As the UK’s leading invite-only provider of ratings and reviews (meaning we only invite customers who have made a purchase to leave a review on behalf of our fantastic clients), the effectiveness of our email feedback requests is of paramount importance to us. Response rate is key!
So how can we take the learnings that we’ve made about improving feedback response rates (now at an industry leading 16%), and use that to universally help your business improve its response rate?
Getting readers to take action. The 3-5-7 rule of email marketing tells us that we don’t have long to capture the attention of our readers, and then importantly get them to take actions. You have:
- 3 seconds to get someone’s attention
- 5 seconds to draw them in
- 7 seconds to compel them
Therefore, the challenge of improving response rates lies in the entire customer journey. And by ‘response rate’ we mean any action made by the reader. In this context, response rate can also be referred to as conversion rate, action rate etc. The challenge for businesses is to improve the number of readers to take action, whether that’s to buy, click through, convert or respond.
- One message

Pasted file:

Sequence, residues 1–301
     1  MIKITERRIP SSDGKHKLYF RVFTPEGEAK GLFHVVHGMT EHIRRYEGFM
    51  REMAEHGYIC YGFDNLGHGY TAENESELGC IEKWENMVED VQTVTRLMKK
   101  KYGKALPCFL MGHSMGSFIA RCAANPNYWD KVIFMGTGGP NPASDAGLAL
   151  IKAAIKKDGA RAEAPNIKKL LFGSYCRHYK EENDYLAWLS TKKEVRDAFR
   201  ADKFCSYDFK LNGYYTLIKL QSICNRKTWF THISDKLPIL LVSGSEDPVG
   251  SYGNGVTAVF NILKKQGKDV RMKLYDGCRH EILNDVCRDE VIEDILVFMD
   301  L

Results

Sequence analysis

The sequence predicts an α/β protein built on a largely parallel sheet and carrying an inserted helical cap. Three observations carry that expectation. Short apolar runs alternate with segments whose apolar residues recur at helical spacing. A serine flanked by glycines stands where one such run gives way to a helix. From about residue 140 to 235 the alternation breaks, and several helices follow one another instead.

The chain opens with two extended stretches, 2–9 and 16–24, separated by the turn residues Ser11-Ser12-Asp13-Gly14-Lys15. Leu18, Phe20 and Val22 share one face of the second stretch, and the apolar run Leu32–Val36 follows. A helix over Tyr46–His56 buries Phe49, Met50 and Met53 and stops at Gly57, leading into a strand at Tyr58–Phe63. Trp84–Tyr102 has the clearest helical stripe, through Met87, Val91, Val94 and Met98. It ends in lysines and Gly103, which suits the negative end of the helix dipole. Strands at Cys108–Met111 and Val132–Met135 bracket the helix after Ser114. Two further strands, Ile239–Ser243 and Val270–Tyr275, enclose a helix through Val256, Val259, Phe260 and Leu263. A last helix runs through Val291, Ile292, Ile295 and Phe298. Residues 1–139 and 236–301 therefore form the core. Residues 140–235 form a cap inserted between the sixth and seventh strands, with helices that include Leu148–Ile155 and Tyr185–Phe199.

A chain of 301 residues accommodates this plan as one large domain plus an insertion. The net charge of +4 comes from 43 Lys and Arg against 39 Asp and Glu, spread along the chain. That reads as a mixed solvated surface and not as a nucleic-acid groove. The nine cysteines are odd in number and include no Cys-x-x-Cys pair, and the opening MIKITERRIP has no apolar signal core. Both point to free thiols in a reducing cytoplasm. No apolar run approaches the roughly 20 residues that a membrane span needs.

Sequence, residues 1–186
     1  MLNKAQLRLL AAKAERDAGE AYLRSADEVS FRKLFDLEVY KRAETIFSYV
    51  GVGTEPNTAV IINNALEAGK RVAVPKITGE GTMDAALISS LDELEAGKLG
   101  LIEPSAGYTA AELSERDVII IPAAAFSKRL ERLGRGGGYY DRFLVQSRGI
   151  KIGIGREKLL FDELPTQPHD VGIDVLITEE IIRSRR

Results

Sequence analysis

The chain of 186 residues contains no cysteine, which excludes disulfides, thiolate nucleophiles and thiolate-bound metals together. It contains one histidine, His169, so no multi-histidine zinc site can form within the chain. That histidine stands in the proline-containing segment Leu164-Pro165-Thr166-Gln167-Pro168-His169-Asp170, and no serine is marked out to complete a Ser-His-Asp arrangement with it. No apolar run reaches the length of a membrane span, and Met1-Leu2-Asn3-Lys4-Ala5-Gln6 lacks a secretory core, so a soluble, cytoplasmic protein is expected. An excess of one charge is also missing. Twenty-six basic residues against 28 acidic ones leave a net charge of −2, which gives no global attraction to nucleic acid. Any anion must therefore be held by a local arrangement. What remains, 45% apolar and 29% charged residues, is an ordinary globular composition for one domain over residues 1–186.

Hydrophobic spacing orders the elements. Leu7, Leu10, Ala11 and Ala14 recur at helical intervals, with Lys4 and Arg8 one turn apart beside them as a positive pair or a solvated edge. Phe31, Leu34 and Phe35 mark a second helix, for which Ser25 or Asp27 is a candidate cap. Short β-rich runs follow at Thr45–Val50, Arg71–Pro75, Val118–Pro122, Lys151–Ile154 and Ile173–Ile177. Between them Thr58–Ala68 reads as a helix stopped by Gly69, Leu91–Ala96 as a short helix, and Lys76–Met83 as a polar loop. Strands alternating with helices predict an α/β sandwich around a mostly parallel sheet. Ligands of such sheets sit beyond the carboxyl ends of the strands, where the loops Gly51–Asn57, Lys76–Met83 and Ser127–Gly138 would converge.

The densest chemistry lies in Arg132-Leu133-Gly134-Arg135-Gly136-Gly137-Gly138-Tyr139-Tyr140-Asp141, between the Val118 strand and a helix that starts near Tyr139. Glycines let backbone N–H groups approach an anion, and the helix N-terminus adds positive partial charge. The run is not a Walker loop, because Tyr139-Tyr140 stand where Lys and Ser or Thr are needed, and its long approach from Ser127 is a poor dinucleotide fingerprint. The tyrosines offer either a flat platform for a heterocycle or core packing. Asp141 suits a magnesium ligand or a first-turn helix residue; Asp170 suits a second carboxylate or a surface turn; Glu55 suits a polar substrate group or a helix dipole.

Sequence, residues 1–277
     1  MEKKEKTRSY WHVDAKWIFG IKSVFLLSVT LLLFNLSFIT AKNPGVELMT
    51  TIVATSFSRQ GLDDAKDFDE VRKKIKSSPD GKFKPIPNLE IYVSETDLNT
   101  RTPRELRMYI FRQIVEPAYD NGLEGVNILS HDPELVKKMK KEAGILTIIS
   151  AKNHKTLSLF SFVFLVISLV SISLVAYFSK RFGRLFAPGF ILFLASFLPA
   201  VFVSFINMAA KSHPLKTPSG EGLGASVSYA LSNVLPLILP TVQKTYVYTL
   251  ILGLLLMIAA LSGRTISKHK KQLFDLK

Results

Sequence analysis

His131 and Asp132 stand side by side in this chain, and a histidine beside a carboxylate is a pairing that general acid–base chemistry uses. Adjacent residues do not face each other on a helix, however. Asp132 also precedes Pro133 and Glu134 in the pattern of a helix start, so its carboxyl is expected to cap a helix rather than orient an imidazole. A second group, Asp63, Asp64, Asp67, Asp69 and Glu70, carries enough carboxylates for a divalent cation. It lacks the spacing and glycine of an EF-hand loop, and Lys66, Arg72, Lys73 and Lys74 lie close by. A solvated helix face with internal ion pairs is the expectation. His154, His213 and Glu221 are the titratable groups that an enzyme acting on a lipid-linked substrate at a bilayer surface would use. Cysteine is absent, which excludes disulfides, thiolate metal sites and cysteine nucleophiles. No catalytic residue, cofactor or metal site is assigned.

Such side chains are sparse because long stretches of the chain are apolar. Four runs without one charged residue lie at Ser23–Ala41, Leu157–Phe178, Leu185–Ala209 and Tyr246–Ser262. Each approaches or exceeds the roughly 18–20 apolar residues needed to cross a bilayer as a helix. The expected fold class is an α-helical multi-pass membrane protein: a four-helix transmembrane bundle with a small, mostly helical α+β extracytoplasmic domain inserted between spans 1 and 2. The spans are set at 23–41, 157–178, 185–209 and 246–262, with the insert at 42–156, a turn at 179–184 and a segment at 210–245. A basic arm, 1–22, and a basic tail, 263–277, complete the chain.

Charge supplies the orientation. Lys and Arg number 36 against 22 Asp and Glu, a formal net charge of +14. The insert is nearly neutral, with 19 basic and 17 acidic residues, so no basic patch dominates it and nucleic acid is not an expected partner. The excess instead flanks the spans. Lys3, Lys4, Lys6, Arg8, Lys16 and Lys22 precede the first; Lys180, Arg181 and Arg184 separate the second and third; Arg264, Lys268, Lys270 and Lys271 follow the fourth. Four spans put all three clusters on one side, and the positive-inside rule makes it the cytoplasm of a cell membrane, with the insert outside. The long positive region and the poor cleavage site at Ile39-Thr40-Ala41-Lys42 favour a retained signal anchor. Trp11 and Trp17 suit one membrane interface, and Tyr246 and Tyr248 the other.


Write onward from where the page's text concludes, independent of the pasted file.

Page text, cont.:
Whatever you want your audience to do, make sure your message is clear and succinct. This needs to be consistent in the subject line, body and call-to-action. When communicating this in the email body, be sure to state your objective in the first line – and then provide context thereafter.
Everyone scan reads. And based on the 3-5-7 principle, we don’t spend too long doing it either. Emails designed to draw in scan readers, and focus their attention on key elements of a campaign, are the most successful at seeing improved response rates. The inverted pyramid, or inverted U design, does exactly that. It structures the key elements of an email (header, imagery, call-to-actions) to draw in readers, deliver a message, and get them to take action.
- Timing is everything
We have found that commuting times, such as 8am or 4pm, to be the most effective to get a better response rate. Additionally, the timing of the email in relation to a specific customer interaction or engagement is key. For example, feedback requests are sent depending on when the customer has made their purchase. Think about any engagement the customer has had in store, or in relation to a recent purchase – and send your email communication at a time to suit.
- Set up reminders
Don’t overdo it. If you’ve not had a response first time round, send a follow up – and consider changing the language to include something like “you may have missed the email first time round”. We suggest a follow-up around 3 days after the original email to see if you can catch them a second time around.
The beauty of working in digital: you can track and test everything. From checking that your email works on specific devices, to A/B testing specific campaigns or elements of a campaign (e.g. subject lines, imagery, call-to-actions), you should check and test, before during and after sending an email.
This guest post was written by James Perrin, Digital Communications Specialist at ratings and reviews provider, Feefo. Images purchased from Fotolia.